According to a recent interview with Superintendent Juan Cabrera on KFOX, one of the first steps with the new EPISD bond is to assign a bond oversight committee. How will the select individuals for the committee? “In terms of the makeup, it’s up to the trustees and how they decide to want to select it,” Cabrera said. “More than likely, each trustee will get a couple of choices and I myself as superintendent will get a couple of choices.”
So, if each trustee will get a couple of choices, we thought we would let everyone know how to contact the trustees so that people could volunteer:
Bob Geske: email@example.com
Al Velarde: firstname.lastname@example.org
Susie Byrd: email@example.com
Diane Dye: firstname.lastname@example.org
Chuck Taylor: email@example.com
Trent Hatch: firstname.lastname@example.org
Dori Fenenbock: email@example.com
The EPISD Board of Trustees haven’t actually asked for any volunteers. However, if they are going to get “… a diverse group of people that represents the community, whether that’s a part of town, or what they do,” (as Susie Byrd stated), then why not let the community volunteer? So, if you are interested, LET THEM KNOW! You need to hurry, they are trying to have the committee established by next Wednesday.
According to the El Paso Times, A committee of nearly 80 members has finished their “plan that would rebuild, renovate and consolidate schools in the 60,000-student district.” If the EPISD puts the $668.7 million package on the ballot, it would be the 17th largest school bond proposed in Texas and the largest bond proposal ever for El Paso County, according to the Bond Review Board.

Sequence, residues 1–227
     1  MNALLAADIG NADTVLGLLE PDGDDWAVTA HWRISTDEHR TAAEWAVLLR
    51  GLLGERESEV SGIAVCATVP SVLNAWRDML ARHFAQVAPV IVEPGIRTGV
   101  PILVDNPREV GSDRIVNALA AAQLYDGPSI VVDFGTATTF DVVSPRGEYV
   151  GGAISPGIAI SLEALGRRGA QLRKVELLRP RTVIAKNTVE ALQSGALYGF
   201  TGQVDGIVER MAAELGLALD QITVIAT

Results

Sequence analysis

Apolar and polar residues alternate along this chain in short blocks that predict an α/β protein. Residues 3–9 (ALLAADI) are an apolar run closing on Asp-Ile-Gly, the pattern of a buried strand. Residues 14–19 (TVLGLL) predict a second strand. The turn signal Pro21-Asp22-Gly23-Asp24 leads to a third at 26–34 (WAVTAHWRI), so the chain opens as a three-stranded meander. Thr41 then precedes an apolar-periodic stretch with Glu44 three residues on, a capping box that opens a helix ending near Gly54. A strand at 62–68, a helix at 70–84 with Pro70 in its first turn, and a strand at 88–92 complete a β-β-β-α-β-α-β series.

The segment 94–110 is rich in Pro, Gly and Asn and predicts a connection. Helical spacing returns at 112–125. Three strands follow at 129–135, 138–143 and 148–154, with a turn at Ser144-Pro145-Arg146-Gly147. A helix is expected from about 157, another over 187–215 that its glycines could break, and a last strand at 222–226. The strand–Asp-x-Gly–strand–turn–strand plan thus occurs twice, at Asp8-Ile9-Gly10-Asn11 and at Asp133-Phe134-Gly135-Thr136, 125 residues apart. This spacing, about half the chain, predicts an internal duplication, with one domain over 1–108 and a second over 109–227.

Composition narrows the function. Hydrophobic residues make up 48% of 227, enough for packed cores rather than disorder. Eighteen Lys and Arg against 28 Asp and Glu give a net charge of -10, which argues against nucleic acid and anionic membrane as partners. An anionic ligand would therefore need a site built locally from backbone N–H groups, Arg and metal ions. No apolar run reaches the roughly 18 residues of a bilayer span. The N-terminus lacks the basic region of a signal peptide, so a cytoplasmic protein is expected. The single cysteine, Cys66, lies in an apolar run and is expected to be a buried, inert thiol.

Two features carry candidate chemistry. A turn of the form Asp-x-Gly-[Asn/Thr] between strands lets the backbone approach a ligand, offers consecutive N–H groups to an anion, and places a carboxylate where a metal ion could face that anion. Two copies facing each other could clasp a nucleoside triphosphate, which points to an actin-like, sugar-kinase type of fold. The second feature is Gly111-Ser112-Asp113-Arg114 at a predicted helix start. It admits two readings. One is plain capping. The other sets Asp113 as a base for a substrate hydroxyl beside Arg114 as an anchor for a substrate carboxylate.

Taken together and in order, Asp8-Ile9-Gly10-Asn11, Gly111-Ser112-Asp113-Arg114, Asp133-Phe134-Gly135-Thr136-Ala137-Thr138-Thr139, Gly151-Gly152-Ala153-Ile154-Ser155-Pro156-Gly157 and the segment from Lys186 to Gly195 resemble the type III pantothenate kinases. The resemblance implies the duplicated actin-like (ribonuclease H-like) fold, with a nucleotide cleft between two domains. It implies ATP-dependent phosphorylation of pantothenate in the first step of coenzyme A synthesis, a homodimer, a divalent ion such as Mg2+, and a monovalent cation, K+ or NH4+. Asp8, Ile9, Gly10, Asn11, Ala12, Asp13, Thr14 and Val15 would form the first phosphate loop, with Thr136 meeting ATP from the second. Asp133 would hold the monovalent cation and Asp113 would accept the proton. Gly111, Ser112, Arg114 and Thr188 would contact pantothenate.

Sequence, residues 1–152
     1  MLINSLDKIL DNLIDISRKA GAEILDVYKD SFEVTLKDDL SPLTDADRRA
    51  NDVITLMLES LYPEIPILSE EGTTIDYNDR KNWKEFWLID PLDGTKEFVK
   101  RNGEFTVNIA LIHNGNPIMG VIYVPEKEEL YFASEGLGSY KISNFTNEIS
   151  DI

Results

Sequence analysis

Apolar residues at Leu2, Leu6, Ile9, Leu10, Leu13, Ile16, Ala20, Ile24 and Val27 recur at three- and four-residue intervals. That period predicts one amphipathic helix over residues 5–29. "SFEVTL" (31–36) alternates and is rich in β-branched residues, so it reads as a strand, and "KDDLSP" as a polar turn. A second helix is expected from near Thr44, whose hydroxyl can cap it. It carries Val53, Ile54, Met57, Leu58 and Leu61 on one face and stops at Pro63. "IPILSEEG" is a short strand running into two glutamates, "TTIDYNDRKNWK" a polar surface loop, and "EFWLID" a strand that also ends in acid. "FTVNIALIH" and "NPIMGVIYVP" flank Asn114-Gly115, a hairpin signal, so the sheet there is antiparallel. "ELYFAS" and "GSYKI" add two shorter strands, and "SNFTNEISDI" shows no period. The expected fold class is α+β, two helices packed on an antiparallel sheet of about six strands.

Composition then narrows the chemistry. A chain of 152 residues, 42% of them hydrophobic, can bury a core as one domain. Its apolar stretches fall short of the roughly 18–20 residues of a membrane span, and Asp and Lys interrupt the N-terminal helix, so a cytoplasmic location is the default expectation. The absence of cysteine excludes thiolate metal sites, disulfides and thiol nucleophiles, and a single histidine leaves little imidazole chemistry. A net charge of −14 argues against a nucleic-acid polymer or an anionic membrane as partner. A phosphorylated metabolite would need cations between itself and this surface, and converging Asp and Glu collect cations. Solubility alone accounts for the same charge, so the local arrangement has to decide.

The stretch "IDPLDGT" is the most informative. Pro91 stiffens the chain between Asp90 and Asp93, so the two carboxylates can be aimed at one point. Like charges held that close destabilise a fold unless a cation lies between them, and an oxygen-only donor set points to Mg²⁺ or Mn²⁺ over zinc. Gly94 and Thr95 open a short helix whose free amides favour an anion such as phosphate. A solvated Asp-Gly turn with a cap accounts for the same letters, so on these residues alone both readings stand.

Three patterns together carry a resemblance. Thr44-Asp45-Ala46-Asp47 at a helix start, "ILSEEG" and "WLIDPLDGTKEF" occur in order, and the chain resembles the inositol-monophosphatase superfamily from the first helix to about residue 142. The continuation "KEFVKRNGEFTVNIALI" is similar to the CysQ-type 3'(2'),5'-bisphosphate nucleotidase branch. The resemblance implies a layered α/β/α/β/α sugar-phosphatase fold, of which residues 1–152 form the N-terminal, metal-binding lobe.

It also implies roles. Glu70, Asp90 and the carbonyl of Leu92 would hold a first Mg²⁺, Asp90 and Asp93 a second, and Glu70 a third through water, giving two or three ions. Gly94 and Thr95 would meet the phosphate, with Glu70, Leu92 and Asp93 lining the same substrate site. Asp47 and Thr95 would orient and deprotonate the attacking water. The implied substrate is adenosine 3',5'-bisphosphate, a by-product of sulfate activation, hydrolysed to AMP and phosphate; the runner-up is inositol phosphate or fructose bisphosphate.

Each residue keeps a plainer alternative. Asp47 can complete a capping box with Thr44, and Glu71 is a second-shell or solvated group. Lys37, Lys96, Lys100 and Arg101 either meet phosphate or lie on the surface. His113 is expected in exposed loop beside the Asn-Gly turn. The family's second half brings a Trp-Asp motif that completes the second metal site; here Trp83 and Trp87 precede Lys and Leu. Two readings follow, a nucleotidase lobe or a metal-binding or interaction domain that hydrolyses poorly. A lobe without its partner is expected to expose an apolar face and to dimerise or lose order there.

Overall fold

The EPISD Trustees will decide next week how much of the bond to approve and whether or not it should be voted on in November. So far, many of the trustees have indicated that they will support the bond in its entirety: “The committee has decided that this is the size of the bond that needs to go through,” Trustee Al Velarde said. “For me to change that, I think, would bring into question why we started the committee in the first place.”
How does this affect your property taxes? Well, first of all, “the bonds would be issued in three phases, EPISD Chief Financial Officer Carmen Arrieta-Candelaria said.” So, your property taxes would go up gradually (because that has worked so well for what the City and County have been doing with their bonds). Ultimately, this would raise property taxes by 18.8 cents to $1.42 per $100 valuation. A family owning a $138,000 home would pay an additional $17.72 per month (around $212.64 a year).
So, there you have it. Most likely the Trustees are going to approve the entire bond next week and then you will get an opportunity to vote on it. Now we just have to wait and see how much the City is going to raise our property taxes, how UMC is going to cover their projected $15.8 million in losses, and what the County is going to include in their budget.